It is common for children of elderly parents to believe that their parents do not need a guardian because their parents still take care of themselves. A guardian does not have to strip the elderly of their independence. In fact, to have a guardian can help seniors retain independence outside of a care facility.
If your older loved can no longer manage finances or medical decisions but never set up a durable power of attorney, then you may need to request that the court appoints a guardian, according to HealthinAging.org.
What is a guardian?
There are two different types of guardianships. These guardianships include unlimited and limited guardianships. Limited guardians take control of a specific area in a person’s life. For instance, say that your loved one can no longer monitor his or her finances. The limited guardian could handle the finances.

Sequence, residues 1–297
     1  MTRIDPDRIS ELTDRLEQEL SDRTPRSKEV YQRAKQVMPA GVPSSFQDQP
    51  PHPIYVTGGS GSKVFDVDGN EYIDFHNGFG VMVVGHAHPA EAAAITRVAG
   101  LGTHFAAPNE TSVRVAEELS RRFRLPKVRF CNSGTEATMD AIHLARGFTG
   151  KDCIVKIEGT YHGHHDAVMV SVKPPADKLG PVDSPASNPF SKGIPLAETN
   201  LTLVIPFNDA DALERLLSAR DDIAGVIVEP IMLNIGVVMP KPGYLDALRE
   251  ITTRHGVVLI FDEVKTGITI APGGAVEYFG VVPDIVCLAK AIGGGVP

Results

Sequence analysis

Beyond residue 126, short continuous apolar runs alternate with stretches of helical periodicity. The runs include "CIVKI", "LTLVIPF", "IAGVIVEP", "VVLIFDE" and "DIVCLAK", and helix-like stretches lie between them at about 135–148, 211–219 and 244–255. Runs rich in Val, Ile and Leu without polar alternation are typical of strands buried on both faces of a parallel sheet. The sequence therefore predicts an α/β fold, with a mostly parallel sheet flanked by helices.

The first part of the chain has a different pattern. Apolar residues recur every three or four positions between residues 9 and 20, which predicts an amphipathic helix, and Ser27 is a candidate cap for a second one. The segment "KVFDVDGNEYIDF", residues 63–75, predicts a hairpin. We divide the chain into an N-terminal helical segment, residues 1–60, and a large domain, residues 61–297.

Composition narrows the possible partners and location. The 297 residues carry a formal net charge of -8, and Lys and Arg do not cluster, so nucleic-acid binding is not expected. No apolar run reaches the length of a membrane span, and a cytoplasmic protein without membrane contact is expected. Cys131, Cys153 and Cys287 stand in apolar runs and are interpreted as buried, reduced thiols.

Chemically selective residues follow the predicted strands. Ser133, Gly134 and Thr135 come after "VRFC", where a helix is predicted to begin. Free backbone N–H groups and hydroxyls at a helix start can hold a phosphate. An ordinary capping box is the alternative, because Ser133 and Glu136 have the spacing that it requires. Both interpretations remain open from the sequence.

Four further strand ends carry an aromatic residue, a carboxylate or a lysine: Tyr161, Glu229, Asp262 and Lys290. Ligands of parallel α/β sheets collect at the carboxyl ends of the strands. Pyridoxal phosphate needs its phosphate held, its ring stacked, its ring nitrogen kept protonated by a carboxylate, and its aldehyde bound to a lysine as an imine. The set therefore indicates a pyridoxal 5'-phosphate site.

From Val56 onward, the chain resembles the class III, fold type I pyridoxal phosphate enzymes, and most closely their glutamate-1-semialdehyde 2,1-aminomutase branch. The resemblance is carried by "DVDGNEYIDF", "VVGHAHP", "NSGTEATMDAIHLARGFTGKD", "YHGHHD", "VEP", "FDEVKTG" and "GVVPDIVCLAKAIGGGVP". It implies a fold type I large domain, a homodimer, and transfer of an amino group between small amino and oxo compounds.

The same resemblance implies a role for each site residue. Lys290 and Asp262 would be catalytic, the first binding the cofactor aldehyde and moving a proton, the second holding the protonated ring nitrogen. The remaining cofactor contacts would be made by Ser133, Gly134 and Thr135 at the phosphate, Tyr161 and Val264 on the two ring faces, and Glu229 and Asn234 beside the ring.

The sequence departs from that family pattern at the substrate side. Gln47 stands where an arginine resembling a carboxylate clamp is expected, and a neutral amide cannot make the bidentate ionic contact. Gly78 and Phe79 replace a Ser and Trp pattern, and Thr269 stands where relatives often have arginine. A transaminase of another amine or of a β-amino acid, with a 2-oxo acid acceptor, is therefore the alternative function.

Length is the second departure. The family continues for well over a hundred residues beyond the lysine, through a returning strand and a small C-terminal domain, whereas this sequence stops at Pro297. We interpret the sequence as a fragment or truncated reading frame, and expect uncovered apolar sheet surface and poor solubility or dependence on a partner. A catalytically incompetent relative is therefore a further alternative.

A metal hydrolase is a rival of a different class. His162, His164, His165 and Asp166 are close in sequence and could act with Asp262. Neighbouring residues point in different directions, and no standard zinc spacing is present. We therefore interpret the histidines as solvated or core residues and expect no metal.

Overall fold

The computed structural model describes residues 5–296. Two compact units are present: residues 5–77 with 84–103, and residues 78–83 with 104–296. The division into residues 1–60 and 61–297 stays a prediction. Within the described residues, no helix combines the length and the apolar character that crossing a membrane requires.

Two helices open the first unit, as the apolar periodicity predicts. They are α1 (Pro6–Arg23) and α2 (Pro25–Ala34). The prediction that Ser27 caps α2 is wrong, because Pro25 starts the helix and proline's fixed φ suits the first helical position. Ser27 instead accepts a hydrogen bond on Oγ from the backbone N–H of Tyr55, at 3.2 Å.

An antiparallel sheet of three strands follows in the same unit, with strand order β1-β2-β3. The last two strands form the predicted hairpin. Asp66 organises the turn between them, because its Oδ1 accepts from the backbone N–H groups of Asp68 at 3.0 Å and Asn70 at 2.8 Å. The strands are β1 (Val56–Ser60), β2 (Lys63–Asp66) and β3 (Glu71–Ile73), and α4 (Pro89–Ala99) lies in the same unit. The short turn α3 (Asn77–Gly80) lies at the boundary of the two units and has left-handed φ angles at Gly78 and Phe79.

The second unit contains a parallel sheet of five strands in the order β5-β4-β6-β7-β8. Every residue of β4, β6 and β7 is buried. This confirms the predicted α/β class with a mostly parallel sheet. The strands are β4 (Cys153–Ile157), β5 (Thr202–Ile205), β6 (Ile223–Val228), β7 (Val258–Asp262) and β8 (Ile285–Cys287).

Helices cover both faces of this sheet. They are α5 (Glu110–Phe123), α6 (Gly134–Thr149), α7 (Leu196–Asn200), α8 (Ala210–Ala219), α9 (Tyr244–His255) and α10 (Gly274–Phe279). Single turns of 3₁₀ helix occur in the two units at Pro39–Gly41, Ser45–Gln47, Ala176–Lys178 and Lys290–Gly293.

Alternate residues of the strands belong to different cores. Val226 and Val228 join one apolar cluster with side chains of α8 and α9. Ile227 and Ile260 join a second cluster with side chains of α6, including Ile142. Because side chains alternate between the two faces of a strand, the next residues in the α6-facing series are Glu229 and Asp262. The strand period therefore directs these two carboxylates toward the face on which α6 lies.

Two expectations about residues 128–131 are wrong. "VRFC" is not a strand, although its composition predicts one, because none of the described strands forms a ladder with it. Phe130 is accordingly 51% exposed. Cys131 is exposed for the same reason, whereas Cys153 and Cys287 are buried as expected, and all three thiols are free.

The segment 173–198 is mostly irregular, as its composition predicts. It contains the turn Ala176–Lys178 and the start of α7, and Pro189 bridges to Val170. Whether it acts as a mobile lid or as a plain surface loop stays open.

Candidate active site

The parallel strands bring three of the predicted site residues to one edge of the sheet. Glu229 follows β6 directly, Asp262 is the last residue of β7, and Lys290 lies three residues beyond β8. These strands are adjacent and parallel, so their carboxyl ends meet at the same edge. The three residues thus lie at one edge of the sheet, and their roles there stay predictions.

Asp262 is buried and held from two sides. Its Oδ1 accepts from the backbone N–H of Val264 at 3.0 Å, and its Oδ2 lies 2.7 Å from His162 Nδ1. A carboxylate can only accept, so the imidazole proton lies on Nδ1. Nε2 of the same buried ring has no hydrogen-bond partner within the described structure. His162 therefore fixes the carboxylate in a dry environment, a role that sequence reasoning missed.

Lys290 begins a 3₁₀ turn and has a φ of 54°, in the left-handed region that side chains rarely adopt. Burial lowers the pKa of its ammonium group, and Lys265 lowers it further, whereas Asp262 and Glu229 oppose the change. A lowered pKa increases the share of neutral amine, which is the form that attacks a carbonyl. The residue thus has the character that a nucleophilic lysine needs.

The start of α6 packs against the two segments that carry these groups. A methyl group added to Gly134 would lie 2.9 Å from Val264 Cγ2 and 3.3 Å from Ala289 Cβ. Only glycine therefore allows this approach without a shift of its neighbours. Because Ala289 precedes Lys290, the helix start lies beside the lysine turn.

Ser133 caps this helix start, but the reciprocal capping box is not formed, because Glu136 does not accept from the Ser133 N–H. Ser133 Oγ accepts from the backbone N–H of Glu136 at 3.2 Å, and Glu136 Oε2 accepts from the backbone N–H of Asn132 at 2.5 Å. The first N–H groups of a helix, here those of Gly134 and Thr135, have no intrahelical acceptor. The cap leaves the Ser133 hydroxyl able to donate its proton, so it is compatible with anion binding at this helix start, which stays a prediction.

Unlimited guardians, on the other hand, have complete legal authority over the elderly person. The guardian can make all decisions for the other. For instance, he or she may make decisions about your loved ones living space, his or her medical care, finances and more.
How can you establish a guardian?
To appoint a guardian, you attend the guardianship hearings. if you ask the court to appoint a guardian, you are the petitioner. Relatives or social service agencies and healthcare providers can petition for the older person. If it turns out that you can prove that your loved one cannot manage his or her affairs anymore, then the court can appoint a guardian for your aging loved one.